Why I decided to transform
My story starts at work after a major restructuring exercise promoted me from shop floor supervisor to senior manager. The move placed me under lots of pressure, but I did okay until a new general manager took over the factory and the pressure to perform intensified because his management style was aggressive. During this period, I started to feel unwell. I developed intermittent arrhythmia, chest pain, pain between the shoulder blades, and headaches.
My work and my doctor agreed that I was suffering from stress, but I didn't believe it was just stress. I had always been in control and relaxed about most situations. I clearly remember an episode at my desk when I had a crushing chest pain and my heart rhythm was fast and erratic. I hunched head down on my desk until the company nurse could see me. She confirmed the arrhythmia and advised a trip to hospital, which I declined to do but agreed to see my doctor immediately. By the time I saw the doctor that evening, the symptoms had passed and stress was blamed as the cause.
I took time away from work soon after, during which there was another minor restructure of the business and I was made redundant from my management position. I was lucky, though, because I found another position within the same factory, but the symptoms continued. I got used to the pains and dodgy heart rhythm and carried on as normal. I restarted my weight training after a long layoff.
One evening after starting my new role, I sat down and watched football on television. I happened to glance down at my wrist and could see the pulse jumping erratically. I called my wife to come and she rushed me straight to the hospital. At first, they thought I had had mild heart attack and placed me on the coronary care ward. Tests subsequently disproved that diagnosis and I was transferred to a medical ward. The doctors conducted a few tests and sent me in for a scan that showed I suffered a massive bilateral pulmonary embolism. The doctors said I was lucky to be alive.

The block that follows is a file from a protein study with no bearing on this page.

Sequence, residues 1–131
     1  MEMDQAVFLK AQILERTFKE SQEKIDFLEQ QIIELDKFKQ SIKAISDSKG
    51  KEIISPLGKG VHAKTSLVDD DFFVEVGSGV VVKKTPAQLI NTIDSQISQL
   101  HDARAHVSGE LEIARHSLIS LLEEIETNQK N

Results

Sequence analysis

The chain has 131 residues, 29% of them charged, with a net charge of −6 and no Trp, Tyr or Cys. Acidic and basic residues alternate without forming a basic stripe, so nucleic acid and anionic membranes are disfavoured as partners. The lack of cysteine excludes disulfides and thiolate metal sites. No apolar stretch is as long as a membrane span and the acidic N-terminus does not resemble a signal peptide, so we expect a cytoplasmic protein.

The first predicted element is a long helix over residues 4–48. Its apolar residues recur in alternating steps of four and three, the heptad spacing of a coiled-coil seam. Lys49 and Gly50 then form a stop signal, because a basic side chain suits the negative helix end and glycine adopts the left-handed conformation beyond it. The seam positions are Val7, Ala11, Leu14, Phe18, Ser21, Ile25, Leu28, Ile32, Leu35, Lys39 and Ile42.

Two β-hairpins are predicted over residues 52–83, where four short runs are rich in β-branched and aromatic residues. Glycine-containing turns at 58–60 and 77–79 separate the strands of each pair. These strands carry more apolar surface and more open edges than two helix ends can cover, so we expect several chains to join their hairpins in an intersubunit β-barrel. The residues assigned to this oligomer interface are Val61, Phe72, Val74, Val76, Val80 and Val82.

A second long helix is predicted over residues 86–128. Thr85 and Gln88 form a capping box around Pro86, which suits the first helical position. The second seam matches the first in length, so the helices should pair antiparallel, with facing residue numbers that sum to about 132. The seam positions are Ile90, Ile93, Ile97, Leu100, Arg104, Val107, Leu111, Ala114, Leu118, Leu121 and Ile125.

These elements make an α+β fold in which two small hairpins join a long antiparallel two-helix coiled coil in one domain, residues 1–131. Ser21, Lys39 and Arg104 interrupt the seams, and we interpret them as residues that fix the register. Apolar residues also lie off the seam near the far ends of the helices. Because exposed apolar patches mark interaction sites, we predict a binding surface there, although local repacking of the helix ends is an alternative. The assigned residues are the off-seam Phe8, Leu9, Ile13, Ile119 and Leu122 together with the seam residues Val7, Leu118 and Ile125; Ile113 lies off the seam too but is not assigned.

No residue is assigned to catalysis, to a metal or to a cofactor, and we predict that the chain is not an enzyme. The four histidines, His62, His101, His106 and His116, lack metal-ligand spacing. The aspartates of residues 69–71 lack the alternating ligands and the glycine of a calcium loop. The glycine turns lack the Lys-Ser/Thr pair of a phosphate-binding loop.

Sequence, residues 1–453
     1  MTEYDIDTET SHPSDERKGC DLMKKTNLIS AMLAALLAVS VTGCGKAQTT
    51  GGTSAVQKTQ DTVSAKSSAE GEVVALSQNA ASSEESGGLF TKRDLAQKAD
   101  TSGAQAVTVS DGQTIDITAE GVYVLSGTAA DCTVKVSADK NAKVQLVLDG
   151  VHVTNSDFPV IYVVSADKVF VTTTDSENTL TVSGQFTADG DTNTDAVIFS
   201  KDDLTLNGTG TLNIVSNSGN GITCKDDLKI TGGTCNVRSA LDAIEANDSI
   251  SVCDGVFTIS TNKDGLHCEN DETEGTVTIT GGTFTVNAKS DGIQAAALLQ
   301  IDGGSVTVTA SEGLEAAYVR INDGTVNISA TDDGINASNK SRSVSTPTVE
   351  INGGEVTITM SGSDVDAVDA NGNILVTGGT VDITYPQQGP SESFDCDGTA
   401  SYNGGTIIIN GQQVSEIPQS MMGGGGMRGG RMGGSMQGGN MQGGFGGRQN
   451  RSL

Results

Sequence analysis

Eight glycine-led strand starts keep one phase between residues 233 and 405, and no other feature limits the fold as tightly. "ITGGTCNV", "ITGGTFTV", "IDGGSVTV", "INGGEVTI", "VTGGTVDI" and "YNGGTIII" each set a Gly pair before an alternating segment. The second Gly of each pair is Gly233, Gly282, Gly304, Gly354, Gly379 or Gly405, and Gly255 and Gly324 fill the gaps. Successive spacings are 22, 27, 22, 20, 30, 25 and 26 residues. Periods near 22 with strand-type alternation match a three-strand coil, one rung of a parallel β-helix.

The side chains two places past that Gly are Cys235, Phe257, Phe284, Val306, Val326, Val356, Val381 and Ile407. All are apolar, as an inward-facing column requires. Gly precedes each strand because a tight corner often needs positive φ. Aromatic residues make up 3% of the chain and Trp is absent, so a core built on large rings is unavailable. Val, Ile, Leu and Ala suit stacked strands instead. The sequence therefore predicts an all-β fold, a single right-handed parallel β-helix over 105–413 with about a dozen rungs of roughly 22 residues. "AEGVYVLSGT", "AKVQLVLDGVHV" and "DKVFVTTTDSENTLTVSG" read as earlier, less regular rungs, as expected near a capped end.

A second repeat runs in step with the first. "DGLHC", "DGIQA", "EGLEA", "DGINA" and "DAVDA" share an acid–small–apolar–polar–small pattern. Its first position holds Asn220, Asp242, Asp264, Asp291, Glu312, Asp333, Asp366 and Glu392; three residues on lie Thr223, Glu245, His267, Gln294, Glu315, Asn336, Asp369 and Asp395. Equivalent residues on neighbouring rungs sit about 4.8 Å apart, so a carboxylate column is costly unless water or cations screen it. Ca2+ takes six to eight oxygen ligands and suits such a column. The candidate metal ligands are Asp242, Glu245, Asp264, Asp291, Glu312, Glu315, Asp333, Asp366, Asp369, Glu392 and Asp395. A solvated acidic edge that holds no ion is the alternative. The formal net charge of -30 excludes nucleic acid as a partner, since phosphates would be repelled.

Next came loads of injections, warfarin, blood tests, and INR tests. My life changed permanently. The consultant who looked after me advised that I should be on warfarin for life. There appeared to be no reason for my clots, but based on previous symptoms it seemed likely that I clotted before. I consider myself very fortunate to still be here.
I continued my weight training and started to record my workouts and nutrition. I developed a spreadsheet that keeps track of every aspect of my workouts and meals. I also started thinking about competing as an over 40 bodybuilder. I did some research and found a federation that caters to lifetime drug-free athletes.
I started to lift more weight and eat more food. I started to use sports supplements too. If I changed anything, I showed my records to my nurses and doctors. Keeping strict records and following my nutritional plan provided an unexpected benefit and my INR become stable.
In March 2011, I had a busy week at work reorganizing my work area that required lots of lifting and running up and down ladders. I was also training four evenings per week. On Saturday, I rested, enjoyed a Chinese meal with a couple glasses of wine, spent the evening watching a movie, and fell asleep on the sofa. At 4 a.m., I was awoken with bad cramps in my left thigh, so I got up and walked around the lounge, went back to bed and the pain got much worse.
By 5:30 a.m., I was back up and my thigh was swollen dramatically. By 6 a.m., I could hardly put weight on it, so I went back to the hospital and was treated for a clot in the groin. I ended up on an ear, nose, and throat ward due to bed shortages. I was dosed up with morphine for pain and the swelling progressed rapidly. One nurse was particularly worried and kept measuring my thigh and checking the pulse in my foot.